Friday 16 February 2018, 7.30pm

A Lowki function: Larry B + Klein + James Massiah

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A Lowki post Valentines recovery function.


Klein is a lowkey force to be reckoned with. A liveset on Tabitha Thorlu-Bangura’s first NTS radio show of 2016 preceded a video for ‘Arrange’, shot in parts in a blood red monochrome bedroom and taken from her debut album ‘ONLY’. The latter stage of the track courses through with off beat filtered percussion leading up to the “that heavy bit coming up”; awash with hums as the London based artist surfs the melodies of the introduced lighter tones. On ‘gaz city’ she nails in a mention of ‘WORTH’ before torching preconceptions of what fits inside what box with her singing, similar to her irisdescent adlibs on ‘babyfather chill’; a reference to Dean Blunt’s alias. Other influences range from brandy to kirk franklin. Hard to place, her capacity to surprise (even with one LP out so far).Not every artist is unique enough to change a landscape, or has to do be successful. However, with Klein, you get the sense she’s already made a head start on both. All at 18(?). In Bieber words ‘shes the fucking one.’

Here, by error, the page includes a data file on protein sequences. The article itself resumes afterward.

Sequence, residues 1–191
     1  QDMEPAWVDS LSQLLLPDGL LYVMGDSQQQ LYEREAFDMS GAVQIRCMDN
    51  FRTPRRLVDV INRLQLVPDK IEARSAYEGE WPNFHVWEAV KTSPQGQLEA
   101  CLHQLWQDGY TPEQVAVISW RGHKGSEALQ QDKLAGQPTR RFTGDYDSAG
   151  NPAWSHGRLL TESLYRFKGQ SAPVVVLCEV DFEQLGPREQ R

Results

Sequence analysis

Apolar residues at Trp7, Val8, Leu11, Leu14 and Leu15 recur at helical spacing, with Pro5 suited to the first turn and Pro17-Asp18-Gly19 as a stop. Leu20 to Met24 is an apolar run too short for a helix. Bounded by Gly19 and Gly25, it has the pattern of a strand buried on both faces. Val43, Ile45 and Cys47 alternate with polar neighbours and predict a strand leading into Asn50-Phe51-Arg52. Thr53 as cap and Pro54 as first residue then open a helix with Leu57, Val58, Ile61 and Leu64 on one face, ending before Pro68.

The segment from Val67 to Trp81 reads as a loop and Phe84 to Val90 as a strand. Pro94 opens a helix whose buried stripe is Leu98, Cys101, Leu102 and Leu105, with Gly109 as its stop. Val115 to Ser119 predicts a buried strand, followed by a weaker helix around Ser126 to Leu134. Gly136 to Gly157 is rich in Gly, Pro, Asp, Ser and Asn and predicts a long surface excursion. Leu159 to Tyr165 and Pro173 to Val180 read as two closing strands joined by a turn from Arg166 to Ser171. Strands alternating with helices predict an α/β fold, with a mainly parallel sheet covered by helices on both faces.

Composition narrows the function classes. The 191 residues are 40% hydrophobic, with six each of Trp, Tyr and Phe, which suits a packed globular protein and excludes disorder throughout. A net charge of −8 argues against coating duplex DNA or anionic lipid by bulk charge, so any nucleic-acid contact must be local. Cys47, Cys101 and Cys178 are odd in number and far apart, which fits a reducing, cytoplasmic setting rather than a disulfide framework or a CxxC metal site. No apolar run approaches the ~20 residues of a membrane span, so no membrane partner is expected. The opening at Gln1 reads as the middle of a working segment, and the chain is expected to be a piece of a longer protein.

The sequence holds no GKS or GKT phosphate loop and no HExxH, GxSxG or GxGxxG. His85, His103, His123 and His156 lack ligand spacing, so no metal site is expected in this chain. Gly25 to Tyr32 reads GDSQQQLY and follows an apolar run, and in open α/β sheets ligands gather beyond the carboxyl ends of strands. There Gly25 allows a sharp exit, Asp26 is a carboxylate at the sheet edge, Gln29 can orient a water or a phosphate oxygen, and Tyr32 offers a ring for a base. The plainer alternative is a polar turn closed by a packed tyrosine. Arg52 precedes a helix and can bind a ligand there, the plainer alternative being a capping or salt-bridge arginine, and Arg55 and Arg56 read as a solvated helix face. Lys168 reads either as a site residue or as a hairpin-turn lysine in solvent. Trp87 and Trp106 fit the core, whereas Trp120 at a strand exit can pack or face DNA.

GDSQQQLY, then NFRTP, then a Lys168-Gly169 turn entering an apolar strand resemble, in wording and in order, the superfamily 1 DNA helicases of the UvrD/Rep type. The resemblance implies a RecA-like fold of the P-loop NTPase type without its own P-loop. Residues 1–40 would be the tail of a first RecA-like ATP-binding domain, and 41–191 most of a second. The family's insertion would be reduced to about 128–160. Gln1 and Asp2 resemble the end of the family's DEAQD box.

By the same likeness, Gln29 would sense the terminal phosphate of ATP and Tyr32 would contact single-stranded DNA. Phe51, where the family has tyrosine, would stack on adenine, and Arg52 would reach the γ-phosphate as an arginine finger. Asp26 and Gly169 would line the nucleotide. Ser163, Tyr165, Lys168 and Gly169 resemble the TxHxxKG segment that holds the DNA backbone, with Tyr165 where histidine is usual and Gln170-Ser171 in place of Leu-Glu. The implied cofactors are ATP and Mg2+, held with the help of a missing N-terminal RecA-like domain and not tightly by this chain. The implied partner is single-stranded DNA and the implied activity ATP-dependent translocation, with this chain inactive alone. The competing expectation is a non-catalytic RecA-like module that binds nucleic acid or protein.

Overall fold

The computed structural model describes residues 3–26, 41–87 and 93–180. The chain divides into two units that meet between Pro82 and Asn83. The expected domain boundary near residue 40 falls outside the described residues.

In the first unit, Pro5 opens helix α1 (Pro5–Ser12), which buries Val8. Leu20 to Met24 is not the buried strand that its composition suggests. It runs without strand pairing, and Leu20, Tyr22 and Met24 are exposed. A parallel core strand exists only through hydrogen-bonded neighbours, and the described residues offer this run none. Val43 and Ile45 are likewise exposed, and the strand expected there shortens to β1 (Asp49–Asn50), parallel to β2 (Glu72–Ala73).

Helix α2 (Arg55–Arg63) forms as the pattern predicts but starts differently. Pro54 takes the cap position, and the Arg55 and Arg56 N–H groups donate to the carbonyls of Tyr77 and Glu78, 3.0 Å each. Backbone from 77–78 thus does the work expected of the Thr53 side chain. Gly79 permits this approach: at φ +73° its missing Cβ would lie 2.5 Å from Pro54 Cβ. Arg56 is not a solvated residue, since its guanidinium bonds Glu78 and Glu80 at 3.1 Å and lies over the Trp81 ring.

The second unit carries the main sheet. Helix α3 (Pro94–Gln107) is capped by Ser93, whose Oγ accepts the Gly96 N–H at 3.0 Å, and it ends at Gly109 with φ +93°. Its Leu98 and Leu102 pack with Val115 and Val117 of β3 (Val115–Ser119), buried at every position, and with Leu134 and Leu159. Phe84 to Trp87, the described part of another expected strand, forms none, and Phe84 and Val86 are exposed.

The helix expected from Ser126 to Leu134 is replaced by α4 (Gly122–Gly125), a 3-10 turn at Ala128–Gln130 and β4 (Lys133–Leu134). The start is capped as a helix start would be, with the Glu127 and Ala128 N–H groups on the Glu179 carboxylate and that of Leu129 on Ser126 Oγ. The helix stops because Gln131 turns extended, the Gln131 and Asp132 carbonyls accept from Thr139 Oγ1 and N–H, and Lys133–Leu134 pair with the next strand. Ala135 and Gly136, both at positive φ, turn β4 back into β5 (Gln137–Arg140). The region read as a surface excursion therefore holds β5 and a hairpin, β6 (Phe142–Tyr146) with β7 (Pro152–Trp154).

Larry B

Larry B is a British-Ghanaian DJ and producer who’s been tearing up south London for a few years now. His presence has graced dancefloors around the world – but as his recent 5 Sad Songs EP revealed, he’s also a talented singer-songwriter to boot. As he told us when we profiled him back in 2015, “In my school in South Norwood, all the boys were in the playground playing grime out of their phones. But I was never a ‘spitting bars’ person. I used to sing.”

James Massiah

James Massiah, the 27-year-old south London poet, producer and DJ – who last year featured on the Massive Attack single, Dear Friend – recently spoke at a 5x15 event (five creatives, each speaking for 15 minutes) alongside former Vogue editor-in-chief Alexandra Shulman. Taking inspiration from Talking Heads and James Brown – among others – charismatic creative Massiah has also read at the Southbank Centre, Tate Modern and the Houses of Parliament. He’s created a film walking the streets of Dalston and Brixton, tunefully rhyming archetypes with arty types during a poem on gentrification. Massiah writes poetry that is sometimes performed to music and shares his work through The A & The E, a philosophy and arts-based project he founded in 2012 when aged 22, fresh out of university in search of a space to share his poetry and thought.